Great woman or a Traitor?

Below is a letter that was sent to me.  From a Vietnam Vet.
I don't know where he got it and I don't have permission
to make a web page from it.  If you know anything about this letter
would you please write me.


I am of two minds about writing this.  In the first place, it dredges up a lot of memories I try not to visit very often.  In the second place, nothing was ever done about it, and nothing ever will be.  This being the reality you could certainly make the case that talking about it is an exercise in futility and it would be better just to forget the whole thing.  I wouldn't argue with that, but sometimes you just can't make yourself forget.

This all got dredged up again when Barbara Walters announced that one of the women she would be honoring in her century-end feature, "100 Years of Great Women." would be Jane Fonda.  If you are wondering why this should upset anyone, you obviously don't know anything about the Vietnam War.  Jane was and is easily the most detested person in the US if not the world by the vast majority of Vietnam veterans.


Jane, as you may or may not know, was just about the highest profile anti-Vietnam-War activist we had around during the 1960s-70s.  She made several trips to North Vietnam during the war where she posed for anti-US propaganda pictures, accused the US of perpetrating war crimes, urged US military men to desert and go over to the enemy side, wore the uniform of the North Vietnamese, etc., etc.  Although this was deeply resented by the troops, it would probably have been forgotten in time.  There were other events, however, which are more difficult to forget.  These had to do with our POWs whom she referred to as "War Criminals."  I will touch on a couple of these.

A group of US POWs at Hanoi's Ho Lo Prison-known as the "Hanoi Hilton," were informed that they would be allowed to meet with Jane on one of her visits.  They were cleaned up, enjoyed much better food than their usual fare for a few weeks before the event, and outfitted with new prison uniforms so they could look the part when they described their "lenient and humane treatment" to Jane and the other members of the visiting "Peace Delegation."   They devised a plan to tell the world they had survived (Many were simply listed as Missing In Action and had never been reported as captured).  Each man secreted a tiny piece of paper containing his Social Security Number in the palm of his hand.  As Jane walked down the line shaking each man's hand, they slipped her their paper.  She took them all without missing a beat.  At the end of the line, and once the camera stopped rolling, to the shocked disbelief of the POWs she turned to the officer in charge and calmly handed over the little pile of papers.  Three men died from the subsequent beatings.

For years after their release, a group of former POWs including some of the men involved in the above incident tried to bring Jane up on charges of treason.  They were unsuccessful, and to date Jane has never been formally charged with anything.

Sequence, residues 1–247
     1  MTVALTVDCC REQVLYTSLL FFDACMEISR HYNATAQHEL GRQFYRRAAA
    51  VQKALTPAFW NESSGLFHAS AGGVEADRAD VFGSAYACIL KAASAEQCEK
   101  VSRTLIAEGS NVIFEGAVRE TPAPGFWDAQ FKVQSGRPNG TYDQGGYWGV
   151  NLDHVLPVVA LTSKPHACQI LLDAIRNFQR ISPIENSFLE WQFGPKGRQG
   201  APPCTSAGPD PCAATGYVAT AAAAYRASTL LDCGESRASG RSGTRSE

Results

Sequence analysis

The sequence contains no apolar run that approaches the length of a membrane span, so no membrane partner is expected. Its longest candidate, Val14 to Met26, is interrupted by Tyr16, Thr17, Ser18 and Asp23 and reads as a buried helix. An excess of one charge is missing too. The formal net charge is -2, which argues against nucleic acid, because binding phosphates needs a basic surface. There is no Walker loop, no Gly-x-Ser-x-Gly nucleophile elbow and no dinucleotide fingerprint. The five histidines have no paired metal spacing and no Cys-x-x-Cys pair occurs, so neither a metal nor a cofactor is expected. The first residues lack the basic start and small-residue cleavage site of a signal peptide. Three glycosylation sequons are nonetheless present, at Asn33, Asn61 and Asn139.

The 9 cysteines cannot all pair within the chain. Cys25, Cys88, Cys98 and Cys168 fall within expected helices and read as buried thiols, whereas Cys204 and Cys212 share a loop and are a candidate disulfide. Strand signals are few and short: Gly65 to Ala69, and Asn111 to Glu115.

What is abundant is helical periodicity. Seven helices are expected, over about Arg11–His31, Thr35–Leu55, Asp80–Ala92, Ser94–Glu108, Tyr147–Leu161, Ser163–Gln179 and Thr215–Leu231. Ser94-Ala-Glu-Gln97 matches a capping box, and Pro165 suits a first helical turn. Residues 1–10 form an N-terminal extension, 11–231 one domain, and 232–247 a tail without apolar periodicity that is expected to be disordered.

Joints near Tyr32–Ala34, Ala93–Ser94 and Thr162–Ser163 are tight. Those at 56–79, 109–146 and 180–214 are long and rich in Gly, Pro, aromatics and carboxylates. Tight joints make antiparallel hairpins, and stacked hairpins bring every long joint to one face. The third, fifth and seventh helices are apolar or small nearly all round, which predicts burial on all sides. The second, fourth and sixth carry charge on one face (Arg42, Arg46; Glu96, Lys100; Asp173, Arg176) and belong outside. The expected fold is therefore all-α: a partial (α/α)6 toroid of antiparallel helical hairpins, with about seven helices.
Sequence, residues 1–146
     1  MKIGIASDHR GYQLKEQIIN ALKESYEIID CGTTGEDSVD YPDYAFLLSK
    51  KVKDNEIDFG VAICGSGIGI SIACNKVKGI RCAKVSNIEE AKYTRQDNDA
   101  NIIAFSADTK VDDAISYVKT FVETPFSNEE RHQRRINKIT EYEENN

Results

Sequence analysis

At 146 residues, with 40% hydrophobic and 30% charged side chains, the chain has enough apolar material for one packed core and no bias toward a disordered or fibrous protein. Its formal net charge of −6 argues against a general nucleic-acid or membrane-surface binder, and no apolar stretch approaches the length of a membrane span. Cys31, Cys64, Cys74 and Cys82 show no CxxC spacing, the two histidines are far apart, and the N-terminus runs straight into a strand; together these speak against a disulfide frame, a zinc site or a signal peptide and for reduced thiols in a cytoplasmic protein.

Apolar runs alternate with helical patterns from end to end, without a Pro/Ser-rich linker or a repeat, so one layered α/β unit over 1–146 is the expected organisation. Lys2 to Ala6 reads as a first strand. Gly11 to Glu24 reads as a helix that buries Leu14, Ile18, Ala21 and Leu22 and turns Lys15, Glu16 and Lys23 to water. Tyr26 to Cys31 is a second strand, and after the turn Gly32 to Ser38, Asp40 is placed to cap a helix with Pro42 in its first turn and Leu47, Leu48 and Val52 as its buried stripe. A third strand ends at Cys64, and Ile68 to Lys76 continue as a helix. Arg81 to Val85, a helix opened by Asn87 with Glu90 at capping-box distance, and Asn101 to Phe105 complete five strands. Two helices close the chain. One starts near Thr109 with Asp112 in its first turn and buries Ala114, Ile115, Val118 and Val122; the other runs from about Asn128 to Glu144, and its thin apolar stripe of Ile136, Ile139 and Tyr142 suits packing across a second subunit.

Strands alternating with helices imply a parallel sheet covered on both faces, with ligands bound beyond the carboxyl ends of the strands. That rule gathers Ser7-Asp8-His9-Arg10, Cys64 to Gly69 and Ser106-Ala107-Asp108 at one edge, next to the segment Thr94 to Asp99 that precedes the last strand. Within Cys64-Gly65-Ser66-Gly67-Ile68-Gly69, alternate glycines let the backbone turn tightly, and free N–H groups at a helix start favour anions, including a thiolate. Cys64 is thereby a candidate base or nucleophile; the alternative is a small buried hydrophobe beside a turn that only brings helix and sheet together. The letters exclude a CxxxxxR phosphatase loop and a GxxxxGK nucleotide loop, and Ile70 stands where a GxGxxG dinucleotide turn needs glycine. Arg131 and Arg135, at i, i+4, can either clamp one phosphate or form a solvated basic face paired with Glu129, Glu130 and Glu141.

Not widely known is the fact that there were a few non-military US prisoners of war held by the North Vietnamese.  One of these was a gentleman named Michael D. Benge, currently residing in Falls Church, Virginia.  Let me quote a little of what he has to say about Ms. Fonda.

"I was a civilian economic development advisor in Vietnam, and was captured by the North Vietnamese communists in South Vietnam in 1968, and was held for 5 years.  I spent 27 months in solitary confinement, one year in a cage in Cambodia, and one year in a 'black box' in Hanoi…"

"My North Vietnamese captors deliberately poisoned and murdered a female missionary, a nurse in a leprosarium…whom I buried in the jungle near the Cambodian border."  (I read the account of this.  It is a heart-breaker.  Les)

"We were Jane Fonda's 'war criminals.'  When Jane Fonda was in Hanoi, I was asked by the camp communist political officer if I would be willing to meet Jane Fonda.  I said yes, for I would like to tell her about the real treatment we POWs were receiving, which was far different from the treatment purported by the North Vietnamese and parroted by Jane Fonda as being 'humane and lenient.'  Because of this, I spent three days on a rocky floor on my knees with outstretched arms with a piece of rebar placed on my hands, and beaten with a bamboo cane every time my arms dipped."

"Jane Fonda…chose to be a traitor, and went to Hanoi, wore their uniform, propagandized for the communists and urged American soldiers to desert.  As we were being tortured, and some of the POWs murdered, she called us liars.  After her heroes- the North Vietnamese communists- took over  South Vietnam, they systematically murdered 80,000 South Vietnamese political prisoners.  May their souls rest on her head forever.
Shame, shame!"

So, if you didn't know before, you now know some of the reasons why selecting Ms. Fonda as one of the centruy's outstanding women just might be upsetting to a fairly large group of US citizens.
I'm not at all certain that you're a whole lot better off knowing this, but it did happen, and you certainly have a right to know.  I daresay that the next time you see Ms. Fonda-Turner at an Atlanta Braves' game you won't look at her quite the same way as you might have in the past.


Let us Honor the Heroes, not the  traitor.


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